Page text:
Renal stones is Malaysia is indeed a very common disease. It is also unfortunately one of the main causes of renal failure. You must have heard of patients complaining renal stones pain are the worst pain they ever had and usually require very strong analgesia or painkillers like pethidine, which is super bad for you.
What causes renal stones?Anyone may develop a kidney stone, but people with certain diseases and conditions (see below) or those who are taking certain medications are more susceptible to their development.
Urinary tract stones are more common in men than in women.
A family history of kidney stones is also a risk factor for developing kidney stones. Kidney stones are more common in Asians and Caucasians.
Kidney stones form when there is a decrease in urine volume and/or an excess of stone-forming substances in the urine. The most common type of kidney stone contains calcium in combination with either oxalate or phosphate. About 75% of kidney stones are calcium stones.
A number of different medical conditions can lead to an increased risk for developing kidney stones:
- Gout results in chronically increased amount of uric acid in the blood and urine and can lead to the formation of uric acid stones.
- Hypercalciuria (high calcium in the urine), another inherited condition, causes stones in more than half of cases. In this condition, too much calcium is absorbed from food and excreted into the urine, where it may form calcium phosphate or calcium oxalate stones.
- Hyperparathyroidism, kidney diseases such as renal tubular acidosis, and other inherited metabolic conditions, including cystinuria and hyperoxaluria.
- Chronic diseases such as diabetes and high blood pressure (hypertension) are also associated with an increased risk of developing kidney stones.
- People with inflammatory bowel disease are also more likely to develop kidney stones.
- Those who have undergone intestinal bypass or ostomy surgery are also at increased risk for kidney stones.
- Some medications also raise the risk of kidney stones. These medications include some diuretics, calcium-containing antacids, and the protease inhibitor indinavir (Crixivan), a drug used to treat HIV infection.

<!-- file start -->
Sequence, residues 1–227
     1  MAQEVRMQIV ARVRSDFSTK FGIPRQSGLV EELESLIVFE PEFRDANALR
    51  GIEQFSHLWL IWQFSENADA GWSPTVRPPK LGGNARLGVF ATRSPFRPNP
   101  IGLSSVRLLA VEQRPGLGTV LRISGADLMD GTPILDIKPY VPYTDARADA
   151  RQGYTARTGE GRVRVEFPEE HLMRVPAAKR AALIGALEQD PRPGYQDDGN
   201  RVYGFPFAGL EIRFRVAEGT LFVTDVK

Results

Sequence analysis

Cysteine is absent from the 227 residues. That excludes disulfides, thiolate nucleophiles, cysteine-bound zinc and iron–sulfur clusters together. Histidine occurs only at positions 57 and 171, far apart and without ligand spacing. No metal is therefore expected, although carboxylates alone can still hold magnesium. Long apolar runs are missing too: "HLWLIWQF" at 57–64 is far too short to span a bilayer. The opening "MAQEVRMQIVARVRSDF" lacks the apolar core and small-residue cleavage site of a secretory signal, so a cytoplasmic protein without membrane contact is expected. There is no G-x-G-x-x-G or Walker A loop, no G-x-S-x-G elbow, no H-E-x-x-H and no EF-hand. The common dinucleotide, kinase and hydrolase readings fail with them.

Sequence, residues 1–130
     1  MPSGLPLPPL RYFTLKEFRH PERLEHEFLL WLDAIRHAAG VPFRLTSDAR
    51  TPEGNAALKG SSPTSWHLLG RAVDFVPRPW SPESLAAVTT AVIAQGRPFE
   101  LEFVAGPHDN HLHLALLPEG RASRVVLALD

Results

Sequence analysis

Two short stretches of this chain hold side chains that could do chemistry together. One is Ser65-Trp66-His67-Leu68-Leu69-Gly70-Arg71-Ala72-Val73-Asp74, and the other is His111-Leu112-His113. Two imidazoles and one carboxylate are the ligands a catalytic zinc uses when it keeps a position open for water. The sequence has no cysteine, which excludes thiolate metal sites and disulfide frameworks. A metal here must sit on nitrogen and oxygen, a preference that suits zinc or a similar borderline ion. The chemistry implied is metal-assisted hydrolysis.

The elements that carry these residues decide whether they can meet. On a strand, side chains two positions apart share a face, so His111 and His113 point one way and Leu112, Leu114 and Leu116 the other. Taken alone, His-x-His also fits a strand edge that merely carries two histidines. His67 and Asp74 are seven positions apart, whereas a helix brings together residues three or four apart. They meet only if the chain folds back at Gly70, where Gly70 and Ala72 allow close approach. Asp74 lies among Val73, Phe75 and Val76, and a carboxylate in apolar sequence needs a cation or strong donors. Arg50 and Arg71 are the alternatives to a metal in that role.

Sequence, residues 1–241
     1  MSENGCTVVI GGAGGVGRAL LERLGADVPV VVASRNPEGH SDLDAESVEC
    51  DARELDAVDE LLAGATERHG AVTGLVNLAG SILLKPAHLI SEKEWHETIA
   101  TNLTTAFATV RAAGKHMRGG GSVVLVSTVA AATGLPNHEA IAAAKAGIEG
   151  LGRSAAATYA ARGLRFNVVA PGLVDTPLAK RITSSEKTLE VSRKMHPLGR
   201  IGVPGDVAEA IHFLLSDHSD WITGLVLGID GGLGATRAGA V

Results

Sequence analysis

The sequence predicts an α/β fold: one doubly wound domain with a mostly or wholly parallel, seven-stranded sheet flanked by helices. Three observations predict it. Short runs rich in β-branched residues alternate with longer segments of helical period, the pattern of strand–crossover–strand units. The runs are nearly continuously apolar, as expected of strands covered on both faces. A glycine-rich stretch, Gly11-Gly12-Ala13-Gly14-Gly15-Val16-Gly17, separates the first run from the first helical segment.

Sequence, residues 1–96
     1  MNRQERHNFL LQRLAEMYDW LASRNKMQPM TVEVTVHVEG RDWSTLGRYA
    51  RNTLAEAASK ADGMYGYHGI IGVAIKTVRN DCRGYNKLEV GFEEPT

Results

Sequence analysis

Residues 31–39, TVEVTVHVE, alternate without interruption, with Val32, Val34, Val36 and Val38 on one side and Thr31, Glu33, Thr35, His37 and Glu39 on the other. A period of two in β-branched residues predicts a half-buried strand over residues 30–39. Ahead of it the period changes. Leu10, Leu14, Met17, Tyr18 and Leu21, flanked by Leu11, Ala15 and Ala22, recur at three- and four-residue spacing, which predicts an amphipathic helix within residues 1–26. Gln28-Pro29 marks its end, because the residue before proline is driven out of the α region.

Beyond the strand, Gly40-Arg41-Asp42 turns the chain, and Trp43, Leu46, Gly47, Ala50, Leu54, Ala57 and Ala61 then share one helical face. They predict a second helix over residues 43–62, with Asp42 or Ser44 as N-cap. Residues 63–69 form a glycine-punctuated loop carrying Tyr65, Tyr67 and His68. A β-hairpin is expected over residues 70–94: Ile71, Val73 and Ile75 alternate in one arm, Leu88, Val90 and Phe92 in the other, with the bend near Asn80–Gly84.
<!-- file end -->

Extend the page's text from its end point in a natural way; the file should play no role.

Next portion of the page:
- Dietary factors and practices may increase the risk of stone formation in susceptible individuals. In particular, inadequate fluid intake predisposes to dehydration, which is a major risk factor for stone formation. Other dietary practices that may increase an individual’s risk of forming kidney stones include a high intake of animal protein, a high-salt diet, excessive sugar consumption, excessive vitamin D supplementation, and possible excessive intake of oxalate-containing foods such as spinach. Interestingly, low levels of dietary calcium intake may alter the calcium-oxalate balance and result in the increased excretion of oxalate and a propensity to form oxalate stones.
A kidney stone may not cause symptoms until it moves around within your kidney or passes into your ureter — the tube connecting the kidney and bladder. At that point, these signs and symptoms may occur:
- Severe pain in the side and back, below the ribs
- Pain that spreads to the lower abdomen and groin
- Pain that comes in waves and fluctuates in intensity
- Pain on urination
- Pink, red or brown urine
- Cloudy or foul-smelling urine
- Nausea and vomiting
- Persistent urge to urinate
- Urinating more often than usual
- Fever and chills if an infection is present
Pain caused by a kidney stone may change — for instance, shifting to a different location or increasing in intensity — as the stone moves through your urinary tract.
While a CT is most commonly used to visualise and diagnose renal stone, an ultrasound may also be used to confirm this diagnosis.
If you have any of the above symptoms, do not waste time. These ultrasounds are painless, takes only half hour and a report of confirmed diagnosis will be made available on the same day. The cost is RM120. Call Zyla for appointment at 07-5544511.